US payments giant NCR has confirmed that it was targeted in a ransomware attack, with the BlackCat/Alphv group taking credit for the incident. NCR initially reported investigating an “issue” related to its Aloha restaurant point-of-sale (PoS) product on April 12. On April 15, the company announced that a limited number of ancillary Aloha applications for a subset of its hospitality customers had been impacted by an outage at a single data center. NCR stated, “On April 13, we confirmed that the outage was the result of a ransomware incident. Immediately upon discovering this development we began contacting customers, engaged third-party cybersecurity experts and launched an investigation. Law enforcement has also been notified.”
The company has been working to restore affected services, but said that impacted restaurants should still be able to serve customers, with only specific functionality being impacted. Cybersecurity researcher Dominic Alvieri noticed on April 15 that the ransomware group known as BlackCat, Alphv, and Noberus took credit for the attack on its Tor-based leak website, but the post was quickly removed by the hackers.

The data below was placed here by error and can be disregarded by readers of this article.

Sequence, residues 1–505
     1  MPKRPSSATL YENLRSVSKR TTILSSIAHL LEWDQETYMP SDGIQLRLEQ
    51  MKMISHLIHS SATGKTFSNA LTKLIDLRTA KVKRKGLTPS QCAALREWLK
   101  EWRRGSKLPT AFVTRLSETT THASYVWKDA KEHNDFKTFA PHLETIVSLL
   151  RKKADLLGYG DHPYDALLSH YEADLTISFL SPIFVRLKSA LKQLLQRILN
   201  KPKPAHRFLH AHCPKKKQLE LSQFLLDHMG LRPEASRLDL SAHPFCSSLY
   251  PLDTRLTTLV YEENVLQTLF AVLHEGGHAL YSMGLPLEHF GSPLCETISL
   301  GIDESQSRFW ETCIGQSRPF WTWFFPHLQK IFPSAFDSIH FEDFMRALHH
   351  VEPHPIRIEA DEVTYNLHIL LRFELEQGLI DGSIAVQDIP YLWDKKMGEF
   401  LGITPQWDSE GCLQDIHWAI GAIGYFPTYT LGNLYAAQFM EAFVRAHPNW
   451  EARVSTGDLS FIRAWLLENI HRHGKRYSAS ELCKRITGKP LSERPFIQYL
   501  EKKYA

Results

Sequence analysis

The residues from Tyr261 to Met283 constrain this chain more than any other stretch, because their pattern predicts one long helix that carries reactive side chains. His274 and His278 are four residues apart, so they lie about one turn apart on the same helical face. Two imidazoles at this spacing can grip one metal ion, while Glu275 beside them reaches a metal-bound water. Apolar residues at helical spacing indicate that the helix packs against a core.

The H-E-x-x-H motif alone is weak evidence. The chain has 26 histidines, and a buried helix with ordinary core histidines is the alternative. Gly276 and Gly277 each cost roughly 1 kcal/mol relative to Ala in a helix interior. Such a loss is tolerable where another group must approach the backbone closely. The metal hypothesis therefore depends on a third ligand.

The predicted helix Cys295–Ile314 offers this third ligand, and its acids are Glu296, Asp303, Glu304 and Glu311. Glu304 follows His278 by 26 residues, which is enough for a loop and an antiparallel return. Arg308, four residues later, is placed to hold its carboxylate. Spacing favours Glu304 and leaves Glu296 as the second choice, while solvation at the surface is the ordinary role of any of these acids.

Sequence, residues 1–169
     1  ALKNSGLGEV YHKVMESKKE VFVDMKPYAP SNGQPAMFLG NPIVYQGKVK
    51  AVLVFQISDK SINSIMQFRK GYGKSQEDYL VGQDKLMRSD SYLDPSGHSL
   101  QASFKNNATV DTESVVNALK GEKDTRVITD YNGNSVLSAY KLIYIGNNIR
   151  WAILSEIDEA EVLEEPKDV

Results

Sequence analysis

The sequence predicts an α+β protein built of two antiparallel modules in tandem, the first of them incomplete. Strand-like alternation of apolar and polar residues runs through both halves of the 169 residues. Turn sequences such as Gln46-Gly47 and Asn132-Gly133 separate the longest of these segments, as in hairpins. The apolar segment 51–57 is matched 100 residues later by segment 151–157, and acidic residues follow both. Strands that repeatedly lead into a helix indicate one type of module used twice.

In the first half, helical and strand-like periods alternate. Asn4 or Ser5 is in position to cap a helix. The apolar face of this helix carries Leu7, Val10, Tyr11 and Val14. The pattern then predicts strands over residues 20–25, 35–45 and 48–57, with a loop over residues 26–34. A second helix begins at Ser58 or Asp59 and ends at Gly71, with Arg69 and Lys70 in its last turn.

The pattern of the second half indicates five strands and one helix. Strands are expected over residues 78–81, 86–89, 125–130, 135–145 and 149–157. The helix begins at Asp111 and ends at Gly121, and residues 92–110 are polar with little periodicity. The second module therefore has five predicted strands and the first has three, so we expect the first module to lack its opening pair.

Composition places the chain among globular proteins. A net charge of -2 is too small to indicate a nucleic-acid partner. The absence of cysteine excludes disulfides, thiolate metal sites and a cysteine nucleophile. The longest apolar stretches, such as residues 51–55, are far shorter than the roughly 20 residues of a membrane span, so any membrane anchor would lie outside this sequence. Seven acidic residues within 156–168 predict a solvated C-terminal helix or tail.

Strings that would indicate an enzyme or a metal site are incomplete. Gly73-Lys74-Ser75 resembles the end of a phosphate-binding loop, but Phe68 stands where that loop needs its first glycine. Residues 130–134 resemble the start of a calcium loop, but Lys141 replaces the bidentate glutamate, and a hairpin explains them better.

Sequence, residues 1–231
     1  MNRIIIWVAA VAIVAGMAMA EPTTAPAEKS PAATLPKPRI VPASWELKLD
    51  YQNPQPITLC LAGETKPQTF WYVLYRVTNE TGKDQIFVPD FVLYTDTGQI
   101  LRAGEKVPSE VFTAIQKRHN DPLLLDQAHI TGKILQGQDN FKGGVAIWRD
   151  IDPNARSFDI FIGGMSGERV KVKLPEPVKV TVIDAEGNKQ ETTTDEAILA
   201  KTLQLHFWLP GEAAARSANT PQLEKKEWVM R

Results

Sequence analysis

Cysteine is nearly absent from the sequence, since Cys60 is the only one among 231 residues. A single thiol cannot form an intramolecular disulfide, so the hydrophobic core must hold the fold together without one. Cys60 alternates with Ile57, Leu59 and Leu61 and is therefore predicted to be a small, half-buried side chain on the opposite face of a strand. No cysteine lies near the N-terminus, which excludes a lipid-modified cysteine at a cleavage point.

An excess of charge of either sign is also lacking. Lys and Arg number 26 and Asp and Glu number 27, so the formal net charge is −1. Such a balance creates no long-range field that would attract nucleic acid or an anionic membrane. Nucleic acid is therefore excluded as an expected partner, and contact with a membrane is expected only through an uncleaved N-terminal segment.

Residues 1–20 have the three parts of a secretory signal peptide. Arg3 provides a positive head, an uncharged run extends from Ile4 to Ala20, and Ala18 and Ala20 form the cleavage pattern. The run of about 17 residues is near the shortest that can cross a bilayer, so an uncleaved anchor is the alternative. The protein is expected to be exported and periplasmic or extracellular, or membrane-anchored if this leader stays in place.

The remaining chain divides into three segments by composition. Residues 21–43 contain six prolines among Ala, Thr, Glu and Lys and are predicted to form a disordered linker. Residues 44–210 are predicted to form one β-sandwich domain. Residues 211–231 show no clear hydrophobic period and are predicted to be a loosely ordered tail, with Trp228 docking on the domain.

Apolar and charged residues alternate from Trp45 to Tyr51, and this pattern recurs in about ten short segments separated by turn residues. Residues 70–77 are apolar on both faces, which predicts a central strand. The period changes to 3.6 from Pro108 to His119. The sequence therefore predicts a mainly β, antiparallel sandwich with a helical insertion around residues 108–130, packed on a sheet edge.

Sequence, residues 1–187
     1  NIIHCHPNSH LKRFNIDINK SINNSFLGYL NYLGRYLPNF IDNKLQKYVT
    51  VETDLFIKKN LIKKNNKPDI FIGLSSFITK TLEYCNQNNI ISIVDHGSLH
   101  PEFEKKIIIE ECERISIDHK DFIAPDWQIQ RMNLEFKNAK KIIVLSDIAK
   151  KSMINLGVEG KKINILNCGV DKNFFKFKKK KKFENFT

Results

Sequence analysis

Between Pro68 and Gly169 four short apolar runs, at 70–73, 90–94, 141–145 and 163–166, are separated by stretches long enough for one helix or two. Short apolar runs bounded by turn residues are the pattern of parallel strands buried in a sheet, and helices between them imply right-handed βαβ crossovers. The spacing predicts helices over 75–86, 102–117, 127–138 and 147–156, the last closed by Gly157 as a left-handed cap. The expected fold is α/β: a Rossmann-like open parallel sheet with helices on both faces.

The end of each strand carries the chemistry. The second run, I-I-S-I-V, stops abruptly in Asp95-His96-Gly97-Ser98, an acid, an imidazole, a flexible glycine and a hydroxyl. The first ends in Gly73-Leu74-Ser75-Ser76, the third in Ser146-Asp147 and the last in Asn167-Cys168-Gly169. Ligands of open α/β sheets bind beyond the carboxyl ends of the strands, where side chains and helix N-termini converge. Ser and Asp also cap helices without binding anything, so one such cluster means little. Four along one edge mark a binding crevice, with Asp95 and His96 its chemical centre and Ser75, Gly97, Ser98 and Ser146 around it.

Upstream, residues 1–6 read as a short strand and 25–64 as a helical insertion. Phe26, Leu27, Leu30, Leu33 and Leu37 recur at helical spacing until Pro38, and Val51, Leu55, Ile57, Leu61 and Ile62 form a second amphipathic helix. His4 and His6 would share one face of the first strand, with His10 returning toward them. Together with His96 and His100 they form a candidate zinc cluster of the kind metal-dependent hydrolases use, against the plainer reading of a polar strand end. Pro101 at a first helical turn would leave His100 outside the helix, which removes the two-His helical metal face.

In the now-removed post, the cybercriminals said they were contacted by NCR representatives who wanted to find out what type of data had been stolen from their systems. The hackers claimed they did not steal any actual NCR data, but they did obtain “a lot of credentials” that can be used to access NCR customer networks. The removal of the post naming NCR from BlackCat’s leak website suggests that negotiations have started and the cybercriminals are hoping to get paid.
The BlackCat ransomware has been around since at least November 2021 and its leak website currently lists more than 300 victims. The group has been known to target industrial companies. Mandiant warned recently that the hackers have been exploiting vulnerabilities in a Veritas data backup product for initial access.